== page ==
This seems to be echoed in the MILF's Situation Report submitted to the OIC before its last Islamic Conference of Foreign Ministers in June 2000 where it is stated that "It is not practical to consider only the prior right of a people to this Island. The actual situation should be given more weight in the formulation of policies. For this reason, the policy of the MILF vis-à-vis the Christians is: Mindanao belongs to all the peoples, Christians, indigenous tribes, and Muslims, who make this island their home."

All told, however, though there are sources of hope in initial common ground and in helpful constitutional and Islamic concepts, these are outweighed by fundamentally opposed paradigms, structures and traditions, including inhospitable judicial tradition. From the Islamic perspective, how can the God-given Qur'an be subordinated to a man-made Constitution, no matter how democratic or progressive? How can the sovereignty of Allah be subordinated to the sovereignty of the people? From the Philippine constitutional perspective, how can the inviolable principle of the separation of Church and State not be violated by Islam as din wa dawla (religion and state)?

How can an Islamic system, not even an independent Islamic state, in predominantly Muslim areas of Mindanao govern itself in accord with shari'ah (Islamic law) when the Philippine Constitution specifically and unilaterally provides for an autonomous region in Muslim Mindanao with limited powers and always subject to central unitary authority, including national laws and processes?

What then is needed to break through this jam? We need a qualitative leap in rethinking constitutionalism and sovereignty: from modern to contemporary constitutionalism, and from old to new sovereignty. Then, we need key mutual compromises on national sovereignty but not territorial integrity on the part of the GRP, and on independent statehood but not Islamic system on the part of the MILF.

Modern constitutionalism refers to the kind developed around two main forms of recognition: the equality of independent, self-governing nation-states and the equality of individual citizens. This language served to exclude or assimilate cultural diversity, especially that of indigenous peoples. It construes the aim of the undifferentiated people as the constitution of a uniform system of government, one national system of institutionalized legal and political authority. Thus, President Estrada in his latest State of the Nation Address said: "We upheld the constitutional principle that the Philippines is one state, one republic, with one government, one military answerable to one commander-in-chief, under one constitution and one flag, in one undivided territory. That is what it is now. That is what it will be forever."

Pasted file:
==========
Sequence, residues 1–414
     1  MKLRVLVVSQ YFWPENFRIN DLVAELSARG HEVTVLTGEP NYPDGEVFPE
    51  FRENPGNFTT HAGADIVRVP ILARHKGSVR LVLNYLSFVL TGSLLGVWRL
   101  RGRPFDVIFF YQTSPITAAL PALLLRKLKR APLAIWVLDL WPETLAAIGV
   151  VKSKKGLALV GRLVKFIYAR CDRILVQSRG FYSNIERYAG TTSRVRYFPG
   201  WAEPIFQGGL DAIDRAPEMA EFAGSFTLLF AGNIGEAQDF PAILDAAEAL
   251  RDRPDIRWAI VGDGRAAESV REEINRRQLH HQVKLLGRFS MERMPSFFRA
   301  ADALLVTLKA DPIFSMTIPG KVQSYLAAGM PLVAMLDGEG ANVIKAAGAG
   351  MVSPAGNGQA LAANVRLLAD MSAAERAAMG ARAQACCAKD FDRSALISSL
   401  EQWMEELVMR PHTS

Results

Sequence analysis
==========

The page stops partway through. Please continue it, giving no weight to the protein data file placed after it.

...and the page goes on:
On the other hand, there is contemporary constitutionalism, as notably synthesized by Canadian scholar James Tully. The Constitution is reconceived as a form of accommodation of cultural diversity. It is also an activity of intercultural dialogue or multilogue between or among peoples or nations in one country in accordance with three important conventions: mutual recognition, consent, and cultural continuity. These principles guide the negotiations towards just forms of constitutional association. The aim is to accommodate differences in appropriate institutions and similarities in shared institutions.

It comes from the historical practice of "treaty constitutionalism" between Aboriginal peoples (the "First Nations") of North America and the British Crown (later, Canada and the U.S.) as equal, self-governing nations resulting in relations of protection and interdependency, not discontinuity and subordination. In the case of the U.S., this became the definitive jurisprudence on US-American Indian relations by way of the landmark 1832 Supreme Court decision in Worcester vs. Georgia (31 US 515). This in turn was later incorporated into Philippine jurisprudence in the likewise landmark 1919 Supreme Court decision in Rubi vs. Provincial Board of Mindoro (39 Phil. 660) where the US policy on American Indians was affirmed to have been adopted for the "non-Christian" tribes (including the Moros) in the Philippines.

Old sovereignty refers to the kind centralized in a single locus which is the imagined nation-state. This sovereignty is conceived as permanent, exclusive, comprehensive, absolute, indivisible, inalienable, and imprescriptible. Typical of this is the statement of Sen. Franklin M. Drilon in connection with the NDF threat to terminate peace talks on the issue of VFA and national sovereignty: "The universal principle of national sovereignty is that it is one and indivisible and its powers are exercised by the State."

On the other hand, there is new sovereignty, as already recognized by many scholars like Kurt Mills and by at least one notable head of state in Czech President Vaclav Havel. This is a reconceptualization of sovereignty as moving both downward (inward) from the state incorporating both human and peoples' rights, and upward (outward) from the state as we look for ways to respond to the need to protect these rights within a global framework as well as respond to the increasing permeability of borders. There can be diffusion of sovereignty where it is inclusive, shared and disseminated, which divides power in various ways to allow regions, peoples and nations to govern themselves to different degrees. Sovereignty is seen in a new light as the authority of a culturally diverse people to govern themselves by their own laws and ways, free from external subordination.